What is colorectal cancer?

Colon cancer begins in the large intestine (called the colon). Rectal cancer begins in the rectum, the part of the large intestine closest to the anus (the outside opening to the intestine). These forms of cancer have many common features. Sometimes they are referred to together as colorectal cancer.

Colorectal cancer is the second leading cause of cancer deaths in the United States. Many of these deaths happened because the cancers were found too late to be cured. If colorectal cancer is found early enough, it can usually be cured by surgery.

What are the signs of colorectal cancer?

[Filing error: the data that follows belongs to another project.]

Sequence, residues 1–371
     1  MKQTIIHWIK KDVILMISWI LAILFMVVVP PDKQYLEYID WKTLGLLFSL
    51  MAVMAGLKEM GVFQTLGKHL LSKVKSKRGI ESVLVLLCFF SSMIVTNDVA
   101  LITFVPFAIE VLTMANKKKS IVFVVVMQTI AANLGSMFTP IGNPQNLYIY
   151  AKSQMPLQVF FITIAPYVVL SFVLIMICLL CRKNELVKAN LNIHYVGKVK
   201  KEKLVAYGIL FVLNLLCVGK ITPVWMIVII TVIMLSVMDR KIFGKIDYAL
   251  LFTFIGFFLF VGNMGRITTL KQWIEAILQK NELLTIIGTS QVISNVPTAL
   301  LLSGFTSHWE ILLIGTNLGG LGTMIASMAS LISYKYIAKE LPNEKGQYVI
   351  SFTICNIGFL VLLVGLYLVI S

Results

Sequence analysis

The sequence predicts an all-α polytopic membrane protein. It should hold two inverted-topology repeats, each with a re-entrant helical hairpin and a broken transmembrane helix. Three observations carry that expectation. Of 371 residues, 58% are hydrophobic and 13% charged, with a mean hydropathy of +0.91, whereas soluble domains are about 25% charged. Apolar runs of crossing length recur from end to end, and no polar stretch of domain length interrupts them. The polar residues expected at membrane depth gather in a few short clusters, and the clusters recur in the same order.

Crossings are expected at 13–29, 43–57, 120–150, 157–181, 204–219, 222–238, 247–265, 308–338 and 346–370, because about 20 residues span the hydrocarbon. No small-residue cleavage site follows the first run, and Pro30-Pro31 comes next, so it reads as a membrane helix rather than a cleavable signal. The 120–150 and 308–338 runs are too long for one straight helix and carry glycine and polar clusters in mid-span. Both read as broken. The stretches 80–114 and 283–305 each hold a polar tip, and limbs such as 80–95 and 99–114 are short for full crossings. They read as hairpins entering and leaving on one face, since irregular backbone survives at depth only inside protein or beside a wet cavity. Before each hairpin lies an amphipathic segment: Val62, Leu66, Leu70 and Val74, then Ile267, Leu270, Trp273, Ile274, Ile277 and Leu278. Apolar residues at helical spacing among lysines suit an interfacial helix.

Most colorectal cancers begin as a polyp (say "pahl-ip"). At first, a polyp is a small, harmless growth in the wall of the colon. However, as a polyp gets larger, it can develop into a cancer that grows and spreads.

See your doctor if you have any of the following warning signs:

  • Bleeding from your rectum
  • Blood in your stool or in the toilet after you have a bowel movement
  • A change in the shape of your stool
  • Cramping pain in your lower stomach
  • A feeling of discomfort or an urge to have a bowel movement when there is no need to have one
Other conditions can cause these same symptoms. You should be checked by your doctor to find the reason for your symptoms.